Tuesday, June 09, 2015

PM to discuss topic of allowing foreign universities to set up campuses in India

Prime Minister Narendra Modi has summoned a meeting of top bureaucrats to discuss the feasibility of allowing foreign universities to set up campuses in India, his personal intervention brightening the chances for the UPA-era proposal that was once bitterly opposed by BJP.

Modi has called for a special meeting on June 11 at his 7 Race Course Road residence to discuss the subject, which the commerce ministry thinks has the potential to position India as an Asian hub for higher education and also help the country save foreign exchange. The meeting is probably the PM's most significant intervention in higher education till date.

It will be attended by the cabinet secretary, the head of the Niti Aayog, the foreign secretary, secretary in the Department of Expenditure, secretary in MHRD and the chairman of University Grants Commission (UGC), people familiar with the matter have told ET. According to these sources, the discussions at Thursday's meeting will be centered on "exploring ways and means of permitting foreign educational institutions to set up base in India".

An increasing number of students have been opting to go overseas for undergraduate and post-graduate studies in recent years, partly also because of the difficulty in getting admissions to top colleges of their choice. A vast majority of them also choose to work and settle abroad, in the process depriving the country of its best brains. This also the costs the country precious foreign exchange as studying abroad is not cheap.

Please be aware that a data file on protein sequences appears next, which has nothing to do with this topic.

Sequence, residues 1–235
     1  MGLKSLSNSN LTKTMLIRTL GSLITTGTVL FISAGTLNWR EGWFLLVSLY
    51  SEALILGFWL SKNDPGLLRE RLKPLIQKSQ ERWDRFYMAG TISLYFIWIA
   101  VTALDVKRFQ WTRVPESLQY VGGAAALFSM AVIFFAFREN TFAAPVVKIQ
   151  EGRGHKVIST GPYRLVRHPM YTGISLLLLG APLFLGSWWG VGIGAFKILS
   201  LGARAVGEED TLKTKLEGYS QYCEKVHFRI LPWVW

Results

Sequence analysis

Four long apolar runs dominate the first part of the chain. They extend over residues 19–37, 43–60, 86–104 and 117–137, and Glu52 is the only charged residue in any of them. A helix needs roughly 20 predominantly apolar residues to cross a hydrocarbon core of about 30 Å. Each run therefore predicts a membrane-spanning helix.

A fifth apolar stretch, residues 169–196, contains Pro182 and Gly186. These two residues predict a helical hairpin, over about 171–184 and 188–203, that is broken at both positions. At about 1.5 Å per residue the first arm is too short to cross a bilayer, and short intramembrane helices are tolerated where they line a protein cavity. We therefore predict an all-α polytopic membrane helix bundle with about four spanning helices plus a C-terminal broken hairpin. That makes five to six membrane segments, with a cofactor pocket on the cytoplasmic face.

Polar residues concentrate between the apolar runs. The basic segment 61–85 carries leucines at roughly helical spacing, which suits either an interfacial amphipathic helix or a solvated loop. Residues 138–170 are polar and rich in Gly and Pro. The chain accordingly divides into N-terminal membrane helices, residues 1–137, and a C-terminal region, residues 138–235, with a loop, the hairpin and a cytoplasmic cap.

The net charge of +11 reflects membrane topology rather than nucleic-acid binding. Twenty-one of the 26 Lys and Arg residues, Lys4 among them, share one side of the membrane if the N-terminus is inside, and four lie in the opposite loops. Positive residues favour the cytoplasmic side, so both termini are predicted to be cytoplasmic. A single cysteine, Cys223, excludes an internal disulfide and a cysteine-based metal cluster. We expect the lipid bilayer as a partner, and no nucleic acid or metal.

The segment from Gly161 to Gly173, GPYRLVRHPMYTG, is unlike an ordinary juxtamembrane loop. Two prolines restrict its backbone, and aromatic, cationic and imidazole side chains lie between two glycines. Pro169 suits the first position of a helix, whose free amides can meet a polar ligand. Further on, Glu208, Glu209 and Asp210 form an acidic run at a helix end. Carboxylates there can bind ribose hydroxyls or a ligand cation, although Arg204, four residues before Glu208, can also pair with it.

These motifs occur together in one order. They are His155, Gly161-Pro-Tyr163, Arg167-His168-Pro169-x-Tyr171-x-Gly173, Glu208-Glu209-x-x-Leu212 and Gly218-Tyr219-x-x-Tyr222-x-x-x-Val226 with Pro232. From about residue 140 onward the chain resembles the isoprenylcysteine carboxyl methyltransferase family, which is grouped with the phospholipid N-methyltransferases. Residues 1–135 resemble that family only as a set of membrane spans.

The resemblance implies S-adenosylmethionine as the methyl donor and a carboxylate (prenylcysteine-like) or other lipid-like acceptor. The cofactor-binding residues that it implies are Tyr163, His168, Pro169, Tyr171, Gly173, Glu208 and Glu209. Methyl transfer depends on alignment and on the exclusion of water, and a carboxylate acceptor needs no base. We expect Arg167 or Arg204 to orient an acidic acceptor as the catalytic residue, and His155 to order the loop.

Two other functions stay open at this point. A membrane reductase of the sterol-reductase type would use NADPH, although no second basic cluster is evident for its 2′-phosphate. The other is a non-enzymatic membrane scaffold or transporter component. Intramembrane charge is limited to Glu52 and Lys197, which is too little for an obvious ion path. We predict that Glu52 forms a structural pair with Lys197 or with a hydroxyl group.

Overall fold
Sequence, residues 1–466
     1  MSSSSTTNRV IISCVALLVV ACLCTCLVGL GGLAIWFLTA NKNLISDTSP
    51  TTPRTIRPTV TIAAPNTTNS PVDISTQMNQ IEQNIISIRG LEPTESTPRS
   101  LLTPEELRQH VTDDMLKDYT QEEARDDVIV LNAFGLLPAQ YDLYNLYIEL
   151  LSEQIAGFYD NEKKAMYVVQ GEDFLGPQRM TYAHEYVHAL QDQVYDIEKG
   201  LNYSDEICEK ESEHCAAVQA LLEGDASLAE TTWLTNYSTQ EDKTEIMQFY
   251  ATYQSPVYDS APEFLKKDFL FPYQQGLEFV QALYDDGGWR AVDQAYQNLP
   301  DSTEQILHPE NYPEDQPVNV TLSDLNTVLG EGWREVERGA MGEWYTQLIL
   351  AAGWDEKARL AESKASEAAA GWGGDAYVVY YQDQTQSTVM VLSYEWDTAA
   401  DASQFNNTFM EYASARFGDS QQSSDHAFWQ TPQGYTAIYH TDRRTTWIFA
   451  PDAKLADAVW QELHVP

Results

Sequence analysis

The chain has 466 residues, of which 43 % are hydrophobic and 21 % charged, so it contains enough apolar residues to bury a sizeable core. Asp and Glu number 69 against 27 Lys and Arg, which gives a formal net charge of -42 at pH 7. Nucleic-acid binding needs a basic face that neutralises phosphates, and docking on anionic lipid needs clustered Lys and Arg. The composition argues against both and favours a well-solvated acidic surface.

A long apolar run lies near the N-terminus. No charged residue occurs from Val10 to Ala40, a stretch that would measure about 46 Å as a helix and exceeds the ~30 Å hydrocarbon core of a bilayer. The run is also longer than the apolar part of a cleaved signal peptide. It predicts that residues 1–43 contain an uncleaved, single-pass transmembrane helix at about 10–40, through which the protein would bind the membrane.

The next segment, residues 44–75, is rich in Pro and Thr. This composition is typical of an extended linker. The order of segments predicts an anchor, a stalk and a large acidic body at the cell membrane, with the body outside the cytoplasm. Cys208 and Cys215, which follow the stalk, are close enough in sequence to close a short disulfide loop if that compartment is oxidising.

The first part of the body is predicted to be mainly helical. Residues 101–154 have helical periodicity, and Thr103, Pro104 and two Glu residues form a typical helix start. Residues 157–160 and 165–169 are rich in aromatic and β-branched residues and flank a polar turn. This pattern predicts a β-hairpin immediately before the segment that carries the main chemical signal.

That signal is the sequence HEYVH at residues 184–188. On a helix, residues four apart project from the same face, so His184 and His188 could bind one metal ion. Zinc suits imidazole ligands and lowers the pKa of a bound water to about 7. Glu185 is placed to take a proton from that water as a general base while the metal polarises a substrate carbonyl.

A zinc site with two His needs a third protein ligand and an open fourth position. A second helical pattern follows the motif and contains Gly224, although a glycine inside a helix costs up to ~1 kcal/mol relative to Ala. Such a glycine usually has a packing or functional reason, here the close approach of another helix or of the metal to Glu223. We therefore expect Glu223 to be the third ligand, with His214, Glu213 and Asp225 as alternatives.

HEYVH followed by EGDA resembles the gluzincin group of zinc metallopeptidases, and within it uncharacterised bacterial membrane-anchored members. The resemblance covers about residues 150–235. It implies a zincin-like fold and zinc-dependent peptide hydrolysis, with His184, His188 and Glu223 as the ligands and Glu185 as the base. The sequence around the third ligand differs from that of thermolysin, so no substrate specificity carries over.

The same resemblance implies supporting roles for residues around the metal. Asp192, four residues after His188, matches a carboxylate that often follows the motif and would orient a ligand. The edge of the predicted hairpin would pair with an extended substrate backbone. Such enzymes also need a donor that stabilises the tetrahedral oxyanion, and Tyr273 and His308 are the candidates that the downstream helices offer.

According to the UNESCO Institute of Statistics, around 200,000 students from India went to study overseas in 2012, bestowing the country the status of having the second-largest population of so-called "mobile students" after China. China sent almost 700,000 students to study overseas that year.

Although the BJP had opposed the UPA's plans to open up India's education sector to foreign universities, the Modi government decided to revisit the issue. This was spearheaded by the commerce ministry which held its first meeting to discuss the issue in January this year.

ET had first reported on May 28 that the commerce ministry had mooted the idea of reviving the contentious Foreign Educational Institutions Bill in a strategy paper it shared with the ministries of external affairs and HRD and Niti Aayog in April. Recognition of online degrees abroad, improving infrastructural capacity to offer online courses, encouraging leading Indian institutes to set up campuses abroad, new parameters for ranking and accreditation, removal of procedural hurdles and participation in global trade promotional events were some of the highlights of the broad strategy.

"Global trade in higher education is a growing sector. We have a number of strengths including cost advantage and good number of English speaking professionals. Our geographical location makes India a viable destination for Asian students. This potential should be tapped. Inviting foreign universities to operate here is one of the ways to attract international students," said a commerce ministry source privy to the discussions held in January.

The Foreign Educational Institutions Bill, which failed to pass political muster during the UPA-II, was opposed tooth and nail by the opposition parties including the BJP, Left and the Samajwadi Party.

Faced with political opposition in enacting the law, the MHRD had in September 2013 decided to take the executive order route to open the doors for the top 400 institutions to set up campuses in the country and award degrees. The regulations, however, were never issued with the government's legislative department failing to notify them. So there is at present no legal and regulatory framework to allow foreign universities to set up campus in India.

Source: The Economic Times, June 9, 2015
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